I am so good, I don’t need it! The good of Event Focused Training. 

By Patrick Kaminski, Co-Founder 



Most of us feel strong enough and prepared enough to manage most of the challenges the daily life (or work-outs) and hobbies hold for us. So when it comes to either new or similar but more intense challenges such as a Spartan Race or Adventure travel, we tend to believe that just intensifying our usual routines will do the trick. That might be true for some lucky ones (I don’t believe in luck, btw!).

But if you really want to enjoy the full scale of your upcoming experience, an Event Focused Training Programme with specific exercises can make a lot of sense. I am not talking about adding a few monkey-bar swings to make the Spartan, but surely doing them with wet/muddy hands after running 5k would come closer to it. But seriously, let me share my thoughts and experiences with a concrete example: Being a motorbike enthusiast and riding bikes since almost 34 years (yes, I am turning 50 very very soon!), I listened to a dear friend and signed myself up for a 2 weeks hard-core enduro travel through the deserts & mountains of Morocco.


Upfront and honest: I never ever imagined it to be that extreme, intense and challenging! Knowing that here in Hong Kong I would not have the possibility to train up too much with regard to off-road or endure abilities riding in deep sand or dried up river beds, I thought it might be a good idea to focus my preparation on the mental and body fitness. Not that I am not working out every day of the week since years, so I thought running a bit more and ramping up the gym intensity might be the hack. I spoke to my Personal Trainer Doug about what I was planning to do, and after smiling about my idea to run a bit more (he smiled for a loong time!), he came up with a specifically designed 50 days “Ready for the Sand”-Programme.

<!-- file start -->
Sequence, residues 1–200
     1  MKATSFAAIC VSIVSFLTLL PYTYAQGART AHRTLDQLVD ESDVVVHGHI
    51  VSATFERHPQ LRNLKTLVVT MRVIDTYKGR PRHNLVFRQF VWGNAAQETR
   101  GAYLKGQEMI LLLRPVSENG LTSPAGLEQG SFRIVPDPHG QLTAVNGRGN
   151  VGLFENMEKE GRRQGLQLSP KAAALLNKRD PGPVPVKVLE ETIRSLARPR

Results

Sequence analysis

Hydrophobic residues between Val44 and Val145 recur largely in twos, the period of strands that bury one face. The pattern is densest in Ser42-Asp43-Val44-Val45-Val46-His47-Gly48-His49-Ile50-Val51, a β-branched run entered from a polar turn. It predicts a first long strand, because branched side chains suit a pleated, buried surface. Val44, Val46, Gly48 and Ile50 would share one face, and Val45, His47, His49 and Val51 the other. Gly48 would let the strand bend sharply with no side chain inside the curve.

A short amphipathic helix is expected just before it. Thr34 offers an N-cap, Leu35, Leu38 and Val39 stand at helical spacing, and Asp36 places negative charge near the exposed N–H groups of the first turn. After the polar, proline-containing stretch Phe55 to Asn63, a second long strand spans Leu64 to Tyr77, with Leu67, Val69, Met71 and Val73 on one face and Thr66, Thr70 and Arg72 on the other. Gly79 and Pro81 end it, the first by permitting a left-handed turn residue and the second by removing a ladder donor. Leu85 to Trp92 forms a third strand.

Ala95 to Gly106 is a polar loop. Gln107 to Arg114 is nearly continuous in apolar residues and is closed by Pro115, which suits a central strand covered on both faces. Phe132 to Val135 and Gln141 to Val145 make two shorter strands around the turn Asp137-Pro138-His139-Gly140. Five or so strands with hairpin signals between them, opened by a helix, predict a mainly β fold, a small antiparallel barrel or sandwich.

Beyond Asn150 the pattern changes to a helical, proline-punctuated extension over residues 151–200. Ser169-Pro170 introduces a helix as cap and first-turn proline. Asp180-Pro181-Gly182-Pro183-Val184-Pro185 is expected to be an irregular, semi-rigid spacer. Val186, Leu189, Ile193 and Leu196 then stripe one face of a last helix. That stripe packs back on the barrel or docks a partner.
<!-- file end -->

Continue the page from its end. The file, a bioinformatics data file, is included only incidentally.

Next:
A balanced and targeted mix of strength, endurance and stabilization. Just keep in mind that for 2,700+ kilometers off-road, the day would consist of 8+ hours standing on the bike on bumpy (nicely understated!) hostile terrain at uncomfortably high speed (so the suspension of the bike is doubled by your arms and legs), trying to stay in control and avoiding to crash harshly. Preventing to get tired even after so many hours prevailed to be the key to arrive safely, as every split second of weakness or lost alertness could have costed me a bitter end of the adventure (btw: the fallout rate in my group was significant, the longer the trip continued). Every single day of the trip! So looking back to that Event Focused Training programme, I was blessed that Doug researched it diligently and that I have received it.


The soreness and tiredness of seemingly endless reps of head-over-heal push-ups or cable-reverse-walkouts in the gym faded to fun compared to the realities I have experienced in the desert. All the time I could securely rely on my physical fitness and strength to not let me down. Important as the gap in riding capabilities and the many surprises of the unforgiving terrain commanded all my energy and attention. So no matter what you are up to as a next challenge, just make sure you prep well accordingly. If you don’t know what to do by yourself, go see a qualified Personal Trainer for the programme and maybe even a Chiro Practitioner or Physiotherapist for input.